Zombie banks are out there, Paul Krugman explains. There's tons of banks that are only solvent right now because of the future promise of bailout billions. What's the anatomy of the undead?
To explain the issue, let me describe the position of a hypothetical bank that I’ll call Gothamgroup, or Gotham for short.

On paper, Gotham has $2 trillion in assets and $1.9 trillion in liabilities, so that it has a net worth of $100 billion. But a substantial fraction of its assets — say, $400 billion worth — are mortgage-backed securities and other toxic waste. If the bank tried to sell these assets, it would get no more than $200 billion.

So Gotham is a zombie bank: it’s still operating, but the reality is that it has already gone bust. Its stock isn’t totally worthless — it still has a market capitalization of $20 billion — but that value is entirely based on the hope that shareholders will be rescued by a government bailout.

Why would the government bail Gotham out? Because it plays a central role in the financial system. When Lehman was allowed to fail, financial markets froze, and for a few weeks the world economy teetered on the edge of collapse. Since we don’t want a repeat performance, Gotham has to be kept functioning. But how can that be done?

Well, the government could simply give Gotham a couple of hundred billion dollars, enough to make it solvent again. But this would, of course, be a huge gift to Gotham’s current shareholders — and it would also encourage excessive risk-taking in the future. Still, the possibility of such a gift is what’s now supporting Gotham’s stock price.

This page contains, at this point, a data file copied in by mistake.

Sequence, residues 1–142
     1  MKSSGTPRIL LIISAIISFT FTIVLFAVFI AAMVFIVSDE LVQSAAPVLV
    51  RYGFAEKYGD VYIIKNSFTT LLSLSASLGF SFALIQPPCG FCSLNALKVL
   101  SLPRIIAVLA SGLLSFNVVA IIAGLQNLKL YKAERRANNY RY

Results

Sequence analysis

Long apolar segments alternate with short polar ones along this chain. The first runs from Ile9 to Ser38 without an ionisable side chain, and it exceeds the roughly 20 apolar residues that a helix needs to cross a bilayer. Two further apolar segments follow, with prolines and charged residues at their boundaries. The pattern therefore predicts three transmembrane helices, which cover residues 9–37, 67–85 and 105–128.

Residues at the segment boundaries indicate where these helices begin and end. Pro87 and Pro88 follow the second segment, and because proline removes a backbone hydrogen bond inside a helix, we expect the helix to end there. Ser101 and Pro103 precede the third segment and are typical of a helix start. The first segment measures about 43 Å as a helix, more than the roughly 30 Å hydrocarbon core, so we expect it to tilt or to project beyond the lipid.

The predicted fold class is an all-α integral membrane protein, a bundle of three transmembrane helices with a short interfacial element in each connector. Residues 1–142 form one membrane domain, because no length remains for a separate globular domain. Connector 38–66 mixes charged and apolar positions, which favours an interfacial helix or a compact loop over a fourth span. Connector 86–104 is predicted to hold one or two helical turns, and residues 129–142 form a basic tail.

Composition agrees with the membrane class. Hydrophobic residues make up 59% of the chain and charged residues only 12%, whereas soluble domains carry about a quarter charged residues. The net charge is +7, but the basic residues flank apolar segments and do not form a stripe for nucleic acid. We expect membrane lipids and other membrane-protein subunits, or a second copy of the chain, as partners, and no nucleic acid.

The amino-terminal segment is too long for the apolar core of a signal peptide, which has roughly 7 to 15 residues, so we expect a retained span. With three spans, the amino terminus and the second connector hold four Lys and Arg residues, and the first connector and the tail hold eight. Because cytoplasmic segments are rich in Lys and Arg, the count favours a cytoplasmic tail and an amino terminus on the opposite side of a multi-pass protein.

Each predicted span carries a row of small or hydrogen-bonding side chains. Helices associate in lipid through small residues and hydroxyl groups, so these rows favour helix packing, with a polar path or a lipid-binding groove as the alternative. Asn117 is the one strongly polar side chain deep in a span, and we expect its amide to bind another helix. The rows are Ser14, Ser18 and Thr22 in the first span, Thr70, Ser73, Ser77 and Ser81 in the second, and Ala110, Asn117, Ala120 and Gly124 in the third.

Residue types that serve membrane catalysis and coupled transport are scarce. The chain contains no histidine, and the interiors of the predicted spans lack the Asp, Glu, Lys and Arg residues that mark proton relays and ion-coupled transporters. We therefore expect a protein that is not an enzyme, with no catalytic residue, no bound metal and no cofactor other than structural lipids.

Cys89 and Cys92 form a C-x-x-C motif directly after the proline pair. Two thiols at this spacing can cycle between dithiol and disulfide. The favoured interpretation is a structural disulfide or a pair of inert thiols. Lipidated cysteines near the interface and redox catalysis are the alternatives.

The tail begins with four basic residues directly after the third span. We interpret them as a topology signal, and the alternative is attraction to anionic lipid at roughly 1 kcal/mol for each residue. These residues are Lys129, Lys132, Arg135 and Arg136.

And the reality is much worse. "Gothamgroup Bank" up there is in terrible shape. Part of the assets it's claiming are debt owed to it by other banks facing the same zombie bank situation, so the assets it really has are far less, meaning the bank is even more insolvent than Krugman alludes to.

This in turn makes stockholders all the more confident Obama will have no choice but to to throw trillions more at the banks to keep them afloat. He has no choice. If he doesn't, the results will be more Lehman Bros.-style collapses that will threaten to become a cascade of multiple bank failures that will bring down the entire system.

That's the issue facing Citigroup and Bank of America right now. It's also the issue facing virtually every other large financial institution across the country, and a host of smaller ones. Japan went through the same problem two decades ago and for most of the 90's they were cleaning up zombie banks.

The ones in America are much, much larger. $350 billion might not be enough to clean up even a few of these banks, much less the system. But that's what Obama apparently wants to do, form a huge megabank to buy this toxic waste debt and then put the taxpayer on the hook for it, rather than bank shareholders. And it will take far more than the second half of TARP to fix this problem.

Once again, the banks are getting the best deal possible, while taxpayers are getting the worst. On the other hand, the alternative is complete financial collapse of the US economy. And frankly...the collapse may STILL happen even if Obama spends trillions to bail out the banks.

Talk about worst-case scenario.

StupidiNews, MLK, Jr. Day Edition